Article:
Wednesday, October 13, 2010

Beware of false dichotomies

The proposition made by some (see Paul Dorn comment at this link) that breaks us down into vehicular cyclists or paint and path advocates is a false dichotomy (or false dilemma, if you prefer). Sure, lacking cycling specific facilities, we must ride vehicularly. But in that parallel universe, even the best separated cycling facilities in urban areas have to cross intersections sometimes, and cyclists will at some point have to behave as traffic, even if only to avoid crashing into other cyclists. Cyclists, all cyclists, need to know how to ride in traffic, whether they are sharing general-use lanes or whether riding in a separated cycletrack. Intersections are intersections and traffic is traffic.

I recieved a chilling email this morning from a scientific colleague and friend here at LANL who cycles a lot. Joe just got back from some work at Palo Alto and was riding to work in the Canyon bike lane, headed for Diamond Drive. He merged left into the dedicated left turn lane and waited for the left turn green arrow.

Luckily, he checked traffic before he fully committed to the turn. A few seconds after my friend got the green left turn arrow, a motorist on Diamond ran the red light at high speed. If my friend had not looked, he would probably be in bad shape or dead.

Meanwhile, this morning I observed a different cyclist riding on our recently added bike lanes. I first saw him riding on the sidewalk headed south towards Diamond/Arizona. He rode through an unprotected crosswalk without looking for traffic. He then rode diagonally through the Conoco Hill intersection and ran a red. As I closed on him, he ran another red light at Diamond and Trinity so I never did get to talk to him.

In one case, good vehicular cycling skills may well have saved a rider’s life. In another case, the rider is playing with fire and we may eventually read about him in the paper. Both using the same bikelane system.

Let’s stop screwing around with artificial distinctions, and just do good work for cyclists. The reason LAB has an education program is that it takes resources to design, organize, manage, and indemnify and it clearly fits within a mission of serving the best interests of, and keeping cyclists alive out there.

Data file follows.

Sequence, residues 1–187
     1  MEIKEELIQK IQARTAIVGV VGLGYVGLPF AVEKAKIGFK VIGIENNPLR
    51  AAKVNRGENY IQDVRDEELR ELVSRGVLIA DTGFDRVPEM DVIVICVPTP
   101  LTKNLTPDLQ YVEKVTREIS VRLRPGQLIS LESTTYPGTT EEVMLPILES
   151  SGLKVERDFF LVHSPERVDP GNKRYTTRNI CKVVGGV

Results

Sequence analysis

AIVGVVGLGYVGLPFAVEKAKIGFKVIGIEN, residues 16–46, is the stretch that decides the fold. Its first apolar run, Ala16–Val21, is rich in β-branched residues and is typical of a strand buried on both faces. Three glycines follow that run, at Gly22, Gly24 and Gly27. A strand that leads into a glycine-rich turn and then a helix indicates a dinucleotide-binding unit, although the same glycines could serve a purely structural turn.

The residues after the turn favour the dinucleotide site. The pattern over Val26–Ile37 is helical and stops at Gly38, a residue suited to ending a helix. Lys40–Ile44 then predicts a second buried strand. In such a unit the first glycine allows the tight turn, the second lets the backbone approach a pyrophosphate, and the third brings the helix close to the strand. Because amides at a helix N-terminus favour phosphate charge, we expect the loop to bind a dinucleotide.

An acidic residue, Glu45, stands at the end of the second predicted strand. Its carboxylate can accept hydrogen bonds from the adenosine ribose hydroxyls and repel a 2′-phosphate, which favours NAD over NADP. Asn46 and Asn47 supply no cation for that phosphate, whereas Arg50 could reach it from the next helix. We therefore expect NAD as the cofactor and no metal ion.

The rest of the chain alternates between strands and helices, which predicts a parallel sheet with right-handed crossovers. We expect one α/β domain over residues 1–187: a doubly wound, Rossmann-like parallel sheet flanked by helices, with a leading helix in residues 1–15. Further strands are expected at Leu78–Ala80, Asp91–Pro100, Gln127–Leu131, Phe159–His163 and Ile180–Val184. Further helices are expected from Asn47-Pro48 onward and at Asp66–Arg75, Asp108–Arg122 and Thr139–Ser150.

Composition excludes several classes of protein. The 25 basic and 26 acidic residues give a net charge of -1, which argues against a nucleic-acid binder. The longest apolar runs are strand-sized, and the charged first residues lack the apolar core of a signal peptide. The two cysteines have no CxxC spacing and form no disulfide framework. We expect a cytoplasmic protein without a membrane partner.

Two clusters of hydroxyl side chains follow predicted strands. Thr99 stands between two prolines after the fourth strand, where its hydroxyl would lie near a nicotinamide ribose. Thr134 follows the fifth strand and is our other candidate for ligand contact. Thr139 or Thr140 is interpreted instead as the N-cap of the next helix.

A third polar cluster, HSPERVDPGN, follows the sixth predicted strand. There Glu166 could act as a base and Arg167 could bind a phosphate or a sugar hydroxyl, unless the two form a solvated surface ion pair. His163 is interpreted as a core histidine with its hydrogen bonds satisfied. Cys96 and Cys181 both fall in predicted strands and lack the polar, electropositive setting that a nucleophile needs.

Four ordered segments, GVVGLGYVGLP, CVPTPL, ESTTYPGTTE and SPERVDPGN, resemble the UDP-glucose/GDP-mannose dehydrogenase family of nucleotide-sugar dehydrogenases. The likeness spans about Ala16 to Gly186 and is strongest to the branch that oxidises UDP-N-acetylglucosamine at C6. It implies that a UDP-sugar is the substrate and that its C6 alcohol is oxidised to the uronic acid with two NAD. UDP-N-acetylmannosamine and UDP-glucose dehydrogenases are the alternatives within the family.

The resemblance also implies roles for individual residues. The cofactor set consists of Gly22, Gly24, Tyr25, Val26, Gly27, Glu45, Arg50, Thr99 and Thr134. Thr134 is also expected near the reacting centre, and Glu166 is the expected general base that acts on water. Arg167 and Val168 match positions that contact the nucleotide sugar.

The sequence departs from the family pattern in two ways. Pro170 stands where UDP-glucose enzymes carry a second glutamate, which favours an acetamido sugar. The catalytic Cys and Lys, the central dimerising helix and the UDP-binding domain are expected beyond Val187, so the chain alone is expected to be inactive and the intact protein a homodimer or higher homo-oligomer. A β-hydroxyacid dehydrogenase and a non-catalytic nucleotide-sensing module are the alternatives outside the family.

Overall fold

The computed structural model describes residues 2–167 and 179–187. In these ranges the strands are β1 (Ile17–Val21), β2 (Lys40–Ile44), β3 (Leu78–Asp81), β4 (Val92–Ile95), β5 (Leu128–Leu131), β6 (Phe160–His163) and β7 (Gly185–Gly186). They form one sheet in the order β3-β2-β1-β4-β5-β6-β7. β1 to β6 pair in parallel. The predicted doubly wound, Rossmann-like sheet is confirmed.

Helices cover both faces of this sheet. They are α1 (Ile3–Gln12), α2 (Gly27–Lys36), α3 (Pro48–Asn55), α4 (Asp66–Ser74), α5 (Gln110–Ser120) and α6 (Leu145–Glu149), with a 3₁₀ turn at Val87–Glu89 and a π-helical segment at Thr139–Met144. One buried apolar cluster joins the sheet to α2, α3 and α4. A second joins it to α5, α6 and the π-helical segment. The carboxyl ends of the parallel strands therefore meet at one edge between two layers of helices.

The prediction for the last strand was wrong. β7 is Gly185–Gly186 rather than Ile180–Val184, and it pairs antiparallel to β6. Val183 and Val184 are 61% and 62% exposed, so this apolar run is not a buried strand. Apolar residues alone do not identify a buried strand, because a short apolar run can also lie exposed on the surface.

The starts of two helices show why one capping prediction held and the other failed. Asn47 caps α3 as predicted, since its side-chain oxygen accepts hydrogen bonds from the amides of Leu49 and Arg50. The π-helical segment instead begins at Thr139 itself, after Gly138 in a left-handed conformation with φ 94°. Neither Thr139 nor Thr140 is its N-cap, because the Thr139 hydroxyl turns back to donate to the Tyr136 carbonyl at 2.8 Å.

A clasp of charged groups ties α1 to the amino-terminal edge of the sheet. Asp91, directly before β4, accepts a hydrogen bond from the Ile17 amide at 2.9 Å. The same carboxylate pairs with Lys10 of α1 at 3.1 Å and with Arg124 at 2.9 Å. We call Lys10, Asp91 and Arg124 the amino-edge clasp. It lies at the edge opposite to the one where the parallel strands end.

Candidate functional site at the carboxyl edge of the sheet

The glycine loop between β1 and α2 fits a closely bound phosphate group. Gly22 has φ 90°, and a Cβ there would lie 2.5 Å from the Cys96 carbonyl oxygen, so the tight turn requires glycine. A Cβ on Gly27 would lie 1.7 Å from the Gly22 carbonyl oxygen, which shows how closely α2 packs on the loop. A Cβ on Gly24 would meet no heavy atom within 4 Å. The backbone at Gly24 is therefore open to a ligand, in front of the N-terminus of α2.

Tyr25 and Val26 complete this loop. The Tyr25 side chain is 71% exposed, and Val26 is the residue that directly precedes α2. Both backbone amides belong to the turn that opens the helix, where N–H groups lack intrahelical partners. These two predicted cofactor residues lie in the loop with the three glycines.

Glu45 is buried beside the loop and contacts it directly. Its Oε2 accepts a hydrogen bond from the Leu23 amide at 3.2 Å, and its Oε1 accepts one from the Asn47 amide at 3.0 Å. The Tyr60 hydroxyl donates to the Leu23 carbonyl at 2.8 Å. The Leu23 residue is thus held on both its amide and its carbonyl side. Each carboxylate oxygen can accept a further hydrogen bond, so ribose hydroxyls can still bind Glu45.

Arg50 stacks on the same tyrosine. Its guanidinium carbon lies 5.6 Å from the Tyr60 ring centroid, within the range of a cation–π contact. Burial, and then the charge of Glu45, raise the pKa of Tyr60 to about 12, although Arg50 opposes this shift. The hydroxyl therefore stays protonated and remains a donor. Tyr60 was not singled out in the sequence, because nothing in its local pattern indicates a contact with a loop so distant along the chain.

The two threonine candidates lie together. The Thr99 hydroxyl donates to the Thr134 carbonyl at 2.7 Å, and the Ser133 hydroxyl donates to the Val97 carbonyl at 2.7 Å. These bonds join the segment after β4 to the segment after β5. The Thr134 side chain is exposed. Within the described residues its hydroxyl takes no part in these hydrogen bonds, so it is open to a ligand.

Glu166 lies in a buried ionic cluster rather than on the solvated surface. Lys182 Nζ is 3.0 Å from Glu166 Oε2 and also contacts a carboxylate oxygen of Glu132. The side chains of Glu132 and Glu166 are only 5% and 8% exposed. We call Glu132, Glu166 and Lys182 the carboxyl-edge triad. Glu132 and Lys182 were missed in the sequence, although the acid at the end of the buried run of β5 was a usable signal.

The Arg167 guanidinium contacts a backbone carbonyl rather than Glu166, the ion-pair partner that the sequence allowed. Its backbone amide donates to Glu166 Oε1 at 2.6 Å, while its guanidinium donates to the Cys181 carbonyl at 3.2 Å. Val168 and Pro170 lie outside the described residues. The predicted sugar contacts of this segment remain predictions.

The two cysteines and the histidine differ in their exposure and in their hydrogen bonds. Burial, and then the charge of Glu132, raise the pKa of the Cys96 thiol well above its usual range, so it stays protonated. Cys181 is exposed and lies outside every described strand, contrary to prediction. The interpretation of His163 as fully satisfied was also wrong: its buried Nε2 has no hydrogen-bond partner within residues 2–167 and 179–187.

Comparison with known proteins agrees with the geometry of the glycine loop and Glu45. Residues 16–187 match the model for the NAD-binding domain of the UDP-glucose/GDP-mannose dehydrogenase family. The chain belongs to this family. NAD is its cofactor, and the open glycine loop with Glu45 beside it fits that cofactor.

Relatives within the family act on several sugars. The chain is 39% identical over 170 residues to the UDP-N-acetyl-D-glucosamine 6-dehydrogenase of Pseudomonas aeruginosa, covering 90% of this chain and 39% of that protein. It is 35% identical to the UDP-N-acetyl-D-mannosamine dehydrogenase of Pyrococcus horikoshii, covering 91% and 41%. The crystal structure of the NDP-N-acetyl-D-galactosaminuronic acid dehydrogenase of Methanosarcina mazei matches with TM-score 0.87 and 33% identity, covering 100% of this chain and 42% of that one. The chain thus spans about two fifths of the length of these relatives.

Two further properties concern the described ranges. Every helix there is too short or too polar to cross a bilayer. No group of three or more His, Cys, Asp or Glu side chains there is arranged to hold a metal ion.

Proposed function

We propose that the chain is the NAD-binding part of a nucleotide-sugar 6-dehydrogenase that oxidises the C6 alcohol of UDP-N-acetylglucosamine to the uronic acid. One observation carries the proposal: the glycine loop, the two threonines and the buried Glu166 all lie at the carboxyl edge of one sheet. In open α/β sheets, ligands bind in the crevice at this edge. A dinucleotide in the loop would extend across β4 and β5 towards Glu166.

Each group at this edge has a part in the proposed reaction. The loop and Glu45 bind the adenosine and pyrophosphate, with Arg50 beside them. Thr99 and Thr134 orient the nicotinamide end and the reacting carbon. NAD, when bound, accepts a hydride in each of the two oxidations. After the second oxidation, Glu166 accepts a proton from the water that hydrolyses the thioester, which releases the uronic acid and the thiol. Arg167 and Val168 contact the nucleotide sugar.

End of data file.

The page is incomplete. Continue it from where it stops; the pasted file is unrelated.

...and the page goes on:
4 comments:

Amy said...

I'd like to add that I saw one bicyclist recently at that same Diamond-Arizona intersection make a left turn from Diamond onto Arizona from the northbound bike lane (meaning they turned left across four lanes of traffic). This is the kind of behavior that gives bicyclists a bad name - random, sudden lane maneuvering. Really, bike lanes don't mean you're protected and safe. It just gives you a somewhat dedicated lane to travel in. We could probably dedicate an entire class to maneuvering in bike lanes.

Khal said...

I wonder if it is the same guy who I addressed in an earlier post, making the same maneuver.

Neale said...

Unfortunately I suspect quite a lot of people are doing this now that we have the lanes. Maybe we should start working on an op-ed for the paper.

Khal said...

I think another class is in order as well as something in the paper. The class I did for LAPD was pretty low key--turns out they didn't want to do it as a formal Traffic Skills 101 class, so I did it their way. But we need to get on it at some point. Its been a hellishly busy year for me, though. And probably for you, too.